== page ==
13 comments:

Anonymous said...

Indeed, it is a surprise to realize that a family dinner costs as much as NT$ 1,000 that is about my salary working for Taiwan Power Company as an engineer almost half century ago.
You may be surprised to learn that MacDonald once proudly announced that they are not in the fast food business but are in real estate business; hinting that they make more money investing on the property than selling hamburgers. It seems that many McDonalds are now renting.
ChoSan

Ted Jones said...

I hope they tear down Wanhua and rebuild it from scratch. That part of the city looks like what I saw in Cambodia! No wonder businesses try to escape that misery, who would wanna live there voluntarily anyway? Certainly not me. Hope the KMT won't be so soft on these things anymore, after they win the election in '12. I can hear the bulldozers rattling already. We need to learn from China. They made Beijing a world class city in 2 decades and it used to look worse than Wanhua.

Patrick Cowsill said...

"They made Beijing a world class city in 2 decades and it used to look worse than Wanhua."

You're selling Wanhua short, Fred. I've been posting up on this blog repeatedly to celebrate, not ridicule, this historic neighborhood. I wasn't really looking for an analogy with Beijing, but all comments are welcome.

Join up with the Monga (Taiwanese spelling for Wanhua) Flickr Web site for photos. I know you'll like it: http://www.flickr.com/groups/619891@N25/http://www.flickr.com/groups/619891@N25/

Thanks for touching base.

Anonymous said...

I don’t know how it works in present day Taiwan but in the States the private ownership of the property right is respected and guaranteed by the constitution that even the privately own sea shore is prohibited by public access. In case their property is needed for the public project as for building highway or school, the governments have to pay the fair market value to the owners for compensation.
I don’t think Ma has the right and the power to tear down the beautiful antique old buildings in Man-Ka to build non-public tall buildings. If he could, he would do it now, instead of waiting for his re-election; beside there is no guarantee that he will be re-elected in 2012.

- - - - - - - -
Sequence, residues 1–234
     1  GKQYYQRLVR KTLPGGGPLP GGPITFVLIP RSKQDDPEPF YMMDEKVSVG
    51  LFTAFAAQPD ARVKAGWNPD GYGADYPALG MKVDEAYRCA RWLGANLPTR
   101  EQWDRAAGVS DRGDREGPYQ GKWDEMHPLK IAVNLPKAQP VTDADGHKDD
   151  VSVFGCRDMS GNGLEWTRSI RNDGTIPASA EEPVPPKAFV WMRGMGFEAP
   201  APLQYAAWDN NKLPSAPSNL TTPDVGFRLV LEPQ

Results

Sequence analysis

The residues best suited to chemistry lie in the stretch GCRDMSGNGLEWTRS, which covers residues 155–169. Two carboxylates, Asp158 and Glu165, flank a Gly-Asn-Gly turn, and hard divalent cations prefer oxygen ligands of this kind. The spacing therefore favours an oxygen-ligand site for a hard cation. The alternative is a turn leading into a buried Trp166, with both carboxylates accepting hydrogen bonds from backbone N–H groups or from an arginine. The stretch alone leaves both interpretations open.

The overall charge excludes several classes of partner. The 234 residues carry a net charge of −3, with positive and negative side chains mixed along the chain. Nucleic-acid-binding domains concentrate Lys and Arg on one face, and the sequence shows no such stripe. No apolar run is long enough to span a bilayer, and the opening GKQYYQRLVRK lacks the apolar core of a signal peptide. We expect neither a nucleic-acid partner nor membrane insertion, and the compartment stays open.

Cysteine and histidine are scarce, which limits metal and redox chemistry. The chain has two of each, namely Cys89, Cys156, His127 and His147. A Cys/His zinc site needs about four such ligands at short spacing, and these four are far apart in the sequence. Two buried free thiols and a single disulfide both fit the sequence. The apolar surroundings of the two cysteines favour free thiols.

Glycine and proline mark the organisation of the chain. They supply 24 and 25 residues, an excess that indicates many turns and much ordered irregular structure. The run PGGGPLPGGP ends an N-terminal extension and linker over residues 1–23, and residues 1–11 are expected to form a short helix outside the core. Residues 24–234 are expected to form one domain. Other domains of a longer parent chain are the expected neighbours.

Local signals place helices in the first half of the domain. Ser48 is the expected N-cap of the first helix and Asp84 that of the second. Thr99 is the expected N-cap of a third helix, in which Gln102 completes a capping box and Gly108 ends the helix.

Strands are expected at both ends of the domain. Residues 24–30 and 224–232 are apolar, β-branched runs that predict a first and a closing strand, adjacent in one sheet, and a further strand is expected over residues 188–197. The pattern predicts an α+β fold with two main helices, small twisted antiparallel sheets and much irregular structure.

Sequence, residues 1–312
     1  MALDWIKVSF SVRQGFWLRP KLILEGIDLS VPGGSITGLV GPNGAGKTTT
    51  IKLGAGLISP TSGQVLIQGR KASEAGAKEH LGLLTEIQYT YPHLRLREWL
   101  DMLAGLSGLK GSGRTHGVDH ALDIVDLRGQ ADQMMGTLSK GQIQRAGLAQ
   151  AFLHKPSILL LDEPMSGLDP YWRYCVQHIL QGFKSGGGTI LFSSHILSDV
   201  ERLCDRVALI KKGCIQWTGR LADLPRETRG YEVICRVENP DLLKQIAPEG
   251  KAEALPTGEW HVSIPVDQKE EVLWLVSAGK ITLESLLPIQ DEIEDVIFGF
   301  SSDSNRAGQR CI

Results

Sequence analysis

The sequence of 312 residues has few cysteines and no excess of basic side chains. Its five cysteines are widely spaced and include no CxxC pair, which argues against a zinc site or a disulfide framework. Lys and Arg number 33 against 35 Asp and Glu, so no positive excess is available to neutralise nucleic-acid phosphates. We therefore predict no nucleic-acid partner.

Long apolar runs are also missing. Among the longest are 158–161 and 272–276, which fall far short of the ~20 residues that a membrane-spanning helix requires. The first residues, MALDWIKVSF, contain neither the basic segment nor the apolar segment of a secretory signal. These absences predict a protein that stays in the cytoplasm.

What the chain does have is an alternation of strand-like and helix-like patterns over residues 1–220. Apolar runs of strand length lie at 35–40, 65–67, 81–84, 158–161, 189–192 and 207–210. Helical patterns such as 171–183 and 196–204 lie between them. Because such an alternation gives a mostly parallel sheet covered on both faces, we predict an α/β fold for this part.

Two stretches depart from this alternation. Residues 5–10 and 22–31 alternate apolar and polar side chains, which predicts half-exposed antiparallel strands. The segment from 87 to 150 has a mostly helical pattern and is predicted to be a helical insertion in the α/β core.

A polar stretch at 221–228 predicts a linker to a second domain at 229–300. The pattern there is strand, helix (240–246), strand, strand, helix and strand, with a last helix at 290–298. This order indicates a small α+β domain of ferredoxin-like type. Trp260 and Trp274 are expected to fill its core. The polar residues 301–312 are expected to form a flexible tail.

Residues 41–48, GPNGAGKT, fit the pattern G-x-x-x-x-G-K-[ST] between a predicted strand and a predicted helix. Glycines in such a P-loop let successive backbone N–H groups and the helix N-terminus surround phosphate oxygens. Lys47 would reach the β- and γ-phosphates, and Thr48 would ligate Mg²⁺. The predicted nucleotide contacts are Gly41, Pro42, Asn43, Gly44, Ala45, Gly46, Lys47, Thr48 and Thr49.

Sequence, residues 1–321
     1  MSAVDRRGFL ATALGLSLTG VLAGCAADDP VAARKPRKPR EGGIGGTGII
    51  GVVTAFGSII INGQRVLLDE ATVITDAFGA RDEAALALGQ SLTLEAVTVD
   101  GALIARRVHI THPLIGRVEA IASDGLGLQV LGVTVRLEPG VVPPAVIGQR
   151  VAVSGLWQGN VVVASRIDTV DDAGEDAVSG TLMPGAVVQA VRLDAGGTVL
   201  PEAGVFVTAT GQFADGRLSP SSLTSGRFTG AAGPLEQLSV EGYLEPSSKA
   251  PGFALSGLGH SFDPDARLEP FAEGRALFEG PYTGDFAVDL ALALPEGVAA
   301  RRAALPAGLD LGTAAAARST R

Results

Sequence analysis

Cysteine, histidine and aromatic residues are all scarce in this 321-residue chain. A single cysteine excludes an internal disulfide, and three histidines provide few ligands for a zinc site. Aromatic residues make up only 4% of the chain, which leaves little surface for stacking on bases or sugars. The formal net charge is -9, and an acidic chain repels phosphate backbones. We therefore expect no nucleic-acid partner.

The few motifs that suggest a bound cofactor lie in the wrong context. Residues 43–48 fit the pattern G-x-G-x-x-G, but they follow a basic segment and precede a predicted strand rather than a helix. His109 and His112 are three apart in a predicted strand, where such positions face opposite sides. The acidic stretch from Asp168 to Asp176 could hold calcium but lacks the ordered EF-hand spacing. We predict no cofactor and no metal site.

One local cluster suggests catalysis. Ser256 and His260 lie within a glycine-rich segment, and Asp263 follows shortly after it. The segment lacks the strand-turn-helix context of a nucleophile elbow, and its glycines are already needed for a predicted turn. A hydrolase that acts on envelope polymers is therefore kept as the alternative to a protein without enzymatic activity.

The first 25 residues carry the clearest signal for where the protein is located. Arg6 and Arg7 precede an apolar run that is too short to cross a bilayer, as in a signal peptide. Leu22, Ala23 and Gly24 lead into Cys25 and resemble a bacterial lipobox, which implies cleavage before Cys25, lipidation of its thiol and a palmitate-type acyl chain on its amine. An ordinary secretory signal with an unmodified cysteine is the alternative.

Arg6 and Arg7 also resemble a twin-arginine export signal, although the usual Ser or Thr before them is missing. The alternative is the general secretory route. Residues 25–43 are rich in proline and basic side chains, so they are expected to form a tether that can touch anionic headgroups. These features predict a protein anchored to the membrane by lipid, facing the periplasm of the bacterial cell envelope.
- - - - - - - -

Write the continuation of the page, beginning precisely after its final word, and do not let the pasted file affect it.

In the other hand, since majority of Taiwanese voted for or bought by Ma and may repeat that again in next election, why don’t they simple let him bring Taiwan as the article of tribute to China and let the red Chinese come in and take over Taiwan like KMT did during 1948 invasion then tore down the old Man-Ka and rebuilt as the second Beijing?

Okami said...

I take offense at your dismissive attitude to McDonalds. The one near Snake Alley night market was my favorite place to people watch as old Johns came in with their girl and were duly pampered before/after business was settled.

Did you ever run the cost of what it takes to have a meal versus the cost of the meal? I find a lot of Taiwanese have this sort of problem when dealing(mostly not bothering to deal) with business plans.

To the first Anonymous, McDonalds corporation is into real estate, but they mostly make their money through franchises.

Patrick Cowsill said...

"I take offense at your dismissive attitude to McDonalds. The one near Snake Alley night market was my favorite place to people watch as old Johns came in with their girl and were duly pampered before/after business was settled."

LOL. I think the operative word here is "was." As far as I know, McDonalds grew tired of chasing off the neighborhood riffraff. They dealt with the problem, and all the "negative" images and photographs being associated to them in regards to this branch, by shutting it down. There is another McDonalds three blocks away from Longshan Temple. I think it could be the last Monga McDonalds.